Root canal treatment has changed considerably since the hollow tube theory was first postulated in 1930.1 Root canal treatment is to treat an infection inside the tooth, and like all surgical procedures, it is done in aseptic technique. Researchers have shown that all microorganisms must be removed from the entire root system for complete success in root canal treatment. Modern endodontic practice is concerned with shaping first, to open canal wide, cleaning can be effectively carried out prior to three-dimensional filling.1

Why do we need root canal treatment?

Root canal treatment is a dental treatment that removes the soft center of the tooth called pulp. The pulp is found in a canal that is in the center of the tooth in between hard tissue called dentin, and it extends from inside the crown to the root tip. The pulp is made up of connective tissue, nerves, and blood vessels. The treatment is performed when this pulp is either inflamed due to infection or damaged. Common causes of damage in this area are due to untreated cavity causing deep decay, multiple procedures done on the same tooth, or a chip/crack in the tooth. If pulp becomes damaged, bacteria can leak in and feed on decaying matter.2 Untreated pulp leads to abscess formation under the root, which causes considerable pain sensation. Without the treatment, the tooth may have to be extracted.

How is a root canal treatment performed?

On the initial visit, the dentist would numb the gum near the affected area with numbing medication, and after it has taken into an effect, a local anesthetic shot would be injected into the gum in order for a patient to not feel a pain when canal is being cleaned.2 After placing the rubber dam, an opening is made through the crown, and once injured pulp is exposed, pulp is removed with the special tool called files. Files manually take out any bacteria in the canal and addition of sterilizing chemical is added to ensure bacterial-free-state inside the canal and to remove the colonization down below. The dentist may coat topical antibiotic on the area to ensure the infection is gone and may prescribe an oral antibiotic if the infection has spread beyond the root to become the abscess.2 Dentist fill this canal with gutta percha then a temporary filling (build up) is placed in the crown opening to keep the saliva out.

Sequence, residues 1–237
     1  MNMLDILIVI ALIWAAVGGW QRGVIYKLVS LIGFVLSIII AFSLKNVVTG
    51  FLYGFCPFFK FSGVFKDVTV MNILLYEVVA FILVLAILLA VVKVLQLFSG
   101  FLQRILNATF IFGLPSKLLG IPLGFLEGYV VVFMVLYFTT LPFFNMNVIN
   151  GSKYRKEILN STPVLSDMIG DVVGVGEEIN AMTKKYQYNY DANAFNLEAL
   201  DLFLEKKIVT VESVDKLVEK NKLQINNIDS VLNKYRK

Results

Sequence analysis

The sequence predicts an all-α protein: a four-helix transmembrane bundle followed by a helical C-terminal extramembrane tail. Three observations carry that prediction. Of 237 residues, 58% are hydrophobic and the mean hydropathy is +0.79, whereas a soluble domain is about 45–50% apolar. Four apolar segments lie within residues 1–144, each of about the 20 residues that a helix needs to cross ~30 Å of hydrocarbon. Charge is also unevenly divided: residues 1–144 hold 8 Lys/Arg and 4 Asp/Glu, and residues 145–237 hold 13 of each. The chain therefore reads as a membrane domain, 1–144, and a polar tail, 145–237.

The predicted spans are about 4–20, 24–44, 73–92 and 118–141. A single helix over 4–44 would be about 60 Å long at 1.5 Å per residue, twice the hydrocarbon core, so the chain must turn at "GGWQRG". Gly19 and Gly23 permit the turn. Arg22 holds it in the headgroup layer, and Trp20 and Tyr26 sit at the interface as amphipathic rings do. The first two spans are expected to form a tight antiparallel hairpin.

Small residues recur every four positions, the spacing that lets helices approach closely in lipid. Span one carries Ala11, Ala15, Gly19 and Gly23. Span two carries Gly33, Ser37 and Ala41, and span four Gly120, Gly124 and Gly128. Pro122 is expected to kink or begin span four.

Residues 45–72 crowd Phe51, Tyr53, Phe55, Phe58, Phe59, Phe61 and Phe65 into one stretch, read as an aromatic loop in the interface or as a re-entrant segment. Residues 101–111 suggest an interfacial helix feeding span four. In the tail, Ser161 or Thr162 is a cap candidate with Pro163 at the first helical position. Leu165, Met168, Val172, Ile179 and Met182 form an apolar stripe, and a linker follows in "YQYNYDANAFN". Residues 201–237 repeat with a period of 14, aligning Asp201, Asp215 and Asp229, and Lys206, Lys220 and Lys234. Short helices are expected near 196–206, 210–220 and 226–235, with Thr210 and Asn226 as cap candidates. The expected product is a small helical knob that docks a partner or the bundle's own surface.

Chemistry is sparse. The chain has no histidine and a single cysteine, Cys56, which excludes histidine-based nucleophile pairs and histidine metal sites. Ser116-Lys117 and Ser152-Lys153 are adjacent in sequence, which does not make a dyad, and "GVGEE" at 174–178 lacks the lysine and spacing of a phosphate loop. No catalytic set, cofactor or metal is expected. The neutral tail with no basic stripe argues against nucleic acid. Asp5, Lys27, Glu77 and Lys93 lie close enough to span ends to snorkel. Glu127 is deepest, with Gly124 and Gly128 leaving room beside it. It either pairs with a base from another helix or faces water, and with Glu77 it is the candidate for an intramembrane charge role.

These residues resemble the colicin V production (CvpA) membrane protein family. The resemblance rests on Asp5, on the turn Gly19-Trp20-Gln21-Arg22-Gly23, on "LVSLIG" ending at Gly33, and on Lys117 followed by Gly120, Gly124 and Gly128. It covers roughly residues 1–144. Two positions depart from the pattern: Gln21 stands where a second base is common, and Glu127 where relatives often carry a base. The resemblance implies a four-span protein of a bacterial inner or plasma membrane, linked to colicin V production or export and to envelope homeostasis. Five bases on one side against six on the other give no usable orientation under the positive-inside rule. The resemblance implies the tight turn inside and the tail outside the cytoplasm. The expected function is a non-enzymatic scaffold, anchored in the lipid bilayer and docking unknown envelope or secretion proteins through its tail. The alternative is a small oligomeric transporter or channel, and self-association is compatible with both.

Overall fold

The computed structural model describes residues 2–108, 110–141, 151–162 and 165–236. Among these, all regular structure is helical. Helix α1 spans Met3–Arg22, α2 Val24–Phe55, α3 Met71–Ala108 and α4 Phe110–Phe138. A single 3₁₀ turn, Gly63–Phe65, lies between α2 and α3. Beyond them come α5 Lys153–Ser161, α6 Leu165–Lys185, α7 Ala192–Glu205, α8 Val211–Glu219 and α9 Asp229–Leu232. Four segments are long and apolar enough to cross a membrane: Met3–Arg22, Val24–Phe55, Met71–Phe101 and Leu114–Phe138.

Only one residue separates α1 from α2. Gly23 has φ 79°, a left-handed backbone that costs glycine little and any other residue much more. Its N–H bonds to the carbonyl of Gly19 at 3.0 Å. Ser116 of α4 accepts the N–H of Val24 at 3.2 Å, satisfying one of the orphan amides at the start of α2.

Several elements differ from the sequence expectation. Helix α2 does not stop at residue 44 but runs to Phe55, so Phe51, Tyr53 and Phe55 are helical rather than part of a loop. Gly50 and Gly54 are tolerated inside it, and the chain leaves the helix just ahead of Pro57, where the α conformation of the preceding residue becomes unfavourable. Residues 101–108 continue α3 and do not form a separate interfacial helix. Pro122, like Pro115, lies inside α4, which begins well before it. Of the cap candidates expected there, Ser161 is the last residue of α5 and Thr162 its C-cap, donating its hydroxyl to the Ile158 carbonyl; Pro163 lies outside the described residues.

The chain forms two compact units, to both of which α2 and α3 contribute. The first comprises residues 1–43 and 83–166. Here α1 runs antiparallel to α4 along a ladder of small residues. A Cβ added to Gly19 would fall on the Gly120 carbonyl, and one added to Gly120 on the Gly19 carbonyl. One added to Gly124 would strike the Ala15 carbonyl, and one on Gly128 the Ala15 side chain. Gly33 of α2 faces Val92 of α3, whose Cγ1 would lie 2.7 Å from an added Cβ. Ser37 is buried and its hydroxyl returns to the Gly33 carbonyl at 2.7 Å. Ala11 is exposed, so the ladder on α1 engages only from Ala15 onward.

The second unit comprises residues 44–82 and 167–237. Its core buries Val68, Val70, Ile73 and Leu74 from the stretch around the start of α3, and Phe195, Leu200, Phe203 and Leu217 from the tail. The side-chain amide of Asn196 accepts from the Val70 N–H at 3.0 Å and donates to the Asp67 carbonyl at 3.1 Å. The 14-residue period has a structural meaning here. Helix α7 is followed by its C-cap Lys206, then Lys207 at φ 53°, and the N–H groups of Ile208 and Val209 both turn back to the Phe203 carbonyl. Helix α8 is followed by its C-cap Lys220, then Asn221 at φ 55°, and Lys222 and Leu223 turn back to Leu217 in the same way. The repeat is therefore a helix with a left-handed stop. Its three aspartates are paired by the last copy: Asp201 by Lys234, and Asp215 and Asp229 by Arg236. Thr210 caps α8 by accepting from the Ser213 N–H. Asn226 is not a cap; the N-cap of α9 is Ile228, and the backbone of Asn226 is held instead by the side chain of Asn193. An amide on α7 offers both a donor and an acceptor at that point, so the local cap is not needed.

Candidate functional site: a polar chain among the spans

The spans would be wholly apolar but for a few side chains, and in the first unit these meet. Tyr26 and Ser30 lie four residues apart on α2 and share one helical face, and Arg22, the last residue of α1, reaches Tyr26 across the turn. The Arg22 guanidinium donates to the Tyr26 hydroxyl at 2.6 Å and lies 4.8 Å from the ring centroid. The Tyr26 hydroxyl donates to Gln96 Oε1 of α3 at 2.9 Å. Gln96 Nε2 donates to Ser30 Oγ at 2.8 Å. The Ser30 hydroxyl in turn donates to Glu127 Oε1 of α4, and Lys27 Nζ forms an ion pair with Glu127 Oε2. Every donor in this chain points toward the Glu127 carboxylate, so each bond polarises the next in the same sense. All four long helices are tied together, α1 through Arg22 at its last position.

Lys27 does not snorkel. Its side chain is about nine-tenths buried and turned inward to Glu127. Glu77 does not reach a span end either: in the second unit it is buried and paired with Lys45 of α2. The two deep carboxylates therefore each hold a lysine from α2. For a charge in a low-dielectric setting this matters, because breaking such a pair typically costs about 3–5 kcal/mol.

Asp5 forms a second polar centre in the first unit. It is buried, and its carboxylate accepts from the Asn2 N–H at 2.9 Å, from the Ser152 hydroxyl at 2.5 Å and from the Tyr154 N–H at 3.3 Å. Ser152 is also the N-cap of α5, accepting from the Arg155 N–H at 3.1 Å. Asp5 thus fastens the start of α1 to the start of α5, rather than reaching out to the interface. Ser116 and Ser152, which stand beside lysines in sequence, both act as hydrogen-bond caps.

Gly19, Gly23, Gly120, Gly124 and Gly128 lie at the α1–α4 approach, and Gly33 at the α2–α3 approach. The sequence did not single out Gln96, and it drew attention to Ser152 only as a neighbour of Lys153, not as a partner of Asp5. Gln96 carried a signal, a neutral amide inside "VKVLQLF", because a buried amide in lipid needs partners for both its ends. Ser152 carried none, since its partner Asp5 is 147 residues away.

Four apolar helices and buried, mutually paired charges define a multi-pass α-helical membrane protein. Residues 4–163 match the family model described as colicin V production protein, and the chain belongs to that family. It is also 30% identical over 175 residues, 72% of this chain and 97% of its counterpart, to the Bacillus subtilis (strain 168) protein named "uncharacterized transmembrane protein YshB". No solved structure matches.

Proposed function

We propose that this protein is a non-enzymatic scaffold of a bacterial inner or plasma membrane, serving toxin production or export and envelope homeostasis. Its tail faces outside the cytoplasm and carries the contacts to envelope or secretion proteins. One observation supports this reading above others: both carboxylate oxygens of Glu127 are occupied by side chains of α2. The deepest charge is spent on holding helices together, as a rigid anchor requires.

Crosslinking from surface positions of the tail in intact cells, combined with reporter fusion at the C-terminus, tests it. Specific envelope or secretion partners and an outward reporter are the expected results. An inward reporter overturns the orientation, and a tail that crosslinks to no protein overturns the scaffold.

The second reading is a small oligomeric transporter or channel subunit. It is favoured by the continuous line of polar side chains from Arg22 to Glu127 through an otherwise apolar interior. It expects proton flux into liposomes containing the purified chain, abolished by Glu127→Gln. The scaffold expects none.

On the next visit, the dentist takes X-rays to make sure infections are gone. The temporary filling is removed and replaced with a permanent filling. Crown is placed on the tooth for the end of the treatment.

Follow up:

Your tooth might sore after the initial treatment when the numbing medication wears off. Most dentists will have you treat this symptom with over-the-counter medication such as acetaminophen or ibuprofen. Call Dr. Ji if the pain becomes extreme. Avoid chewing with the temporarily filled tooth since it could break the tooth. Discuss with the dentist what is the best crown for you and the dentist will

keep track of the treated tooth on your routine visit through updated X-ray or through oral hygiene examination.


  1. Carrotte, P. “Endodontics: Part 1 The Modern Concept of Root Canal Treatment.” British Dental Journal, vol. 197, Aug. 2004, pp. 181-183
  2. ADA Division of Communications, “Getting to the Root of Endodontic (Root Canal) Treatments.” American Dental Association, Journal of the American Dental Association, vol. 132, Mar. 2001, pp. 407

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